CholestGenix Update August 2017

CholestGenix Update August 2017

Posted by DS DC on Feb 16th 2022

Cholesterol Measurement is Indirect.

Before we go any further talking about cholesterol, the literalist in me has to remind you that we don't measure cholesterol directly but instead measure the lipoproteins that transport cholesterol. These lipoproteins are referred to as HDL, LDL etc. We assume that high lipoprotein levels correspond to high cholesterol levels. So when you see something like HDL cholesterol, you will now remember that that just means high density lipoprotein that is transporting cholesterol and LDL cholesterol just means low density lipoprotein that is transporting cholesterol.

Drugs Can Drive Down Lipid Levels to an Unhealthy Place

When I refer to blood lipid levels, I am referring to levels of HDL, LDL VLDL and related lipids that are associated with cholesterol. I also need to mention that from time to time we see people on Lipitor or Crestor with super low lipid levels. This is not healthy. Your brain and hormone systems need cholesterol to do their jobs and too low can be just as damaging as too high. You really want to be in the 180 range. Don't let anyone tell you that 125 is nothing to worry about. Now that I got that off my chest, let's talk about healthy lipid levels.

Lab Measurements of HDL, LDL Etc

In a typical medical practice, you get your blood tested and if your combination of HDL, LDL and VLDL cholesterol comes back over 200, you are considered at risk for cardiovascular disease and you will most likely be told to watch your diet and take Lipitor or Crestor or other “cholesterol" lowering drug. At OVitaminPro we like to take a more natural approach to prevention and management of cardiovascular disease. First it is helpful to know something about your family history. Not everyone has access to good information about your family risk but if you do, it can be helpful. If all the males in your family died of heart attacks by the age of 42, and you are a 35 year old male, you might take notice. If your blood lipids are indeed higher than is optimal, we recommend a couple of things. One is an intermittent fasting diet. I won't go into much detail here except to mention it. You can do some basic research. We don't have any hard proof except some anecdotal evidence that this helps normalize liver enzymes and can substantially lower your lipids in a short time.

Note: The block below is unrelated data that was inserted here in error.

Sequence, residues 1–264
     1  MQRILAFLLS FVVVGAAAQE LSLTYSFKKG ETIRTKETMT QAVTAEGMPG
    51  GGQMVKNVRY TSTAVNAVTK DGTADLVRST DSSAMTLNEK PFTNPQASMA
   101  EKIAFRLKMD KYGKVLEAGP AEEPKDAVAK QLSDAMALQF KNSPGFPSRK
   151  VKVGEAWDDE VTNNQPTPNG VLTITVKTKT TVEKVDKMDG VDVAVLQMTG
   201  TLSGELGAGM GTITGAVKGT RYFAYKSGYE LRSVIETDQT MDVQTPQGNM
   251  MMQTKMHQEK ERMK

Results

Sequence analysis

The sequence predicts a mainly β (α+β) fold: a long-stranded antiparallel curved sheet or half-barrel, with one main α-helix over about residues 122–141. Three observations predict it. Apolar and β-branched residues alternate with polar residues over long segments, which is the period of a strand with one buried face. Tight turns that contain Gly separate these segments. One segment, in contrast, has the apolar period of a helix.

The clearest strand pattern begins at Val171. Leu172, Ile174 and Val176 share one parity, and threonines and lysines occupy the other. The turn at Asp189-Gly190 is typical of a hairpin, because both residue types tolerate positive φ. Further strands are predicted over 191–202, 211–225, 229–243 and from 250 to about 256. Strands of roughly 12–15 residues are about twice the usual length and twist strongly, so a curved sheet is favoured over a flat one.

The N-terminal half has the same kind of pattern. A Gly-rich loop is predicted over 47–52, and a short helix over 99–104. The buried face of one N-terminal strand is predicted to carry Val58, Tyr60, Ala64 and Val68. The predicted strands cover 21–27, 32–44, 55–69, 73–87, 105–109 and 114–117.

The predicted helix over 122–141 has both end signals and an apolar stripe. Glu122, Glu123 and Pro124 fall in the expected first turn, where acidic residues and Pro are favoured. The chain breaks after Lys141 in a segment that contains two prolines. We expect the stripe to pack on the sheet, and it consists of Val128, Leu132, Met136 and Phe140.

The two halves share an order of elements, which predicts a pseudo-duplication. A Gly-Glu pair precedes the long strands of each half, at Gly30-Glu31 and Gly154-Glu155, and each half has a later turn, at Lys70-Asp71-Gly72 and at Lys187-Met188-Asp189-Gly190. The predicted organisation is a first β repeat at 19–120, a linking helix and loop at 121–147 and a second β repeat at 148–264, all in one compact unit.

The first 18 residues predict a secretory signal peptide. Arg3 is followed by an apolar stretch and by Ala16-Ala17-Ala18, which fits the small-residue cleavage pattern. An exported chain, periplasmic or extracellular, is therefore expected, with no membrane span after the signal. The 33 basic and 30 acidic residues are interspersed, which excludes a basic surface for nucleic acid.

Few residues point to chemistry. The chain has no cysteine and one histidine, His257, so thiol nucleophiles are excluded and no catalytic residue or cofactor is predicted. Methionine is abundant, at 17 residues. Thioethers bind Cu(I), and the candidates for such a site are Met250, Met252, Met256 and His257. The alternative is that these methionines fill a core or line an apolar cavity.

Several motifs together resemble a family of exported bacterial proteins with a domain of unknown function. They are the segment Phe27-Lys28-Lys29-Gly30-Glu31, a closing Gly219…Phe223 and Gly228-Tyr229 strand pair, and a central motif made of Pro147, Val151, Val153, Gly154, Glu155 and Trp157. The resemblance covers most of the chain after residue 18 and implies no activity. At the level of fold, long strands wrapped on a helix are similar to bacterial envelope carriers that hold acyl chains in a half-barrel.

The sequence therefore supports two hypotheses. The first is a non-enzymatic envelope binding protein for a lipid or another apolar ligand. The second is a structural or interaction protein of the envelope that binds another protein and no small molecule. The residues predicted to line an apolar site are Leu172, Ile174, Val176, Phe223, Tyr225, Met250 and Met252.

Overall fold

Supplements Can Help

Supplements can also be helpful, particularly those based on red yeast rice. Lipitor is also based on red yeast rice. You can get a natural version (CholestGenix) that doesn't seem to have the negative effects of the drug versions. By negative effects, I mean increased risk of myalgia (muscle pain), neuralgia (nerve pain especially in extremities) and cognitive decline (memory and brain fog issues). CholestGenix is formulated to provide a mild, healthy lipid support. CholestGenix is a complex containing red yeast rice along with several other complementary ingredients including CoQ10, phytosterols, guggul lipds and chromium to aid in the red yeast rice response. Taking 1-3 capsules twice a day is atypical dose. You should monitor your numbers in your blood test to make sure you are getting the effects you need. As a complement to improve your cardiovascular health, we recommend:

Pure Encapsulations: Nitric Oxide Support or

Berkeley Life Professional: Nitric Oxide Support.

This will help keep your arteries clear of plaques related to cholesterol complexes. So schedule a blood test. If your lipid levels are high, begin a program of intermittent fasting along with your CholestGenix supplementation. Be vigilant with your regimen and recheck your levels in 6-8 weeks. You should see a nice shift toward a more normal level. If you don't, you may need to add some time to your fasting intervals, that is maybe 15 hours instead of 14 and you may need to up your CholestGenix doses.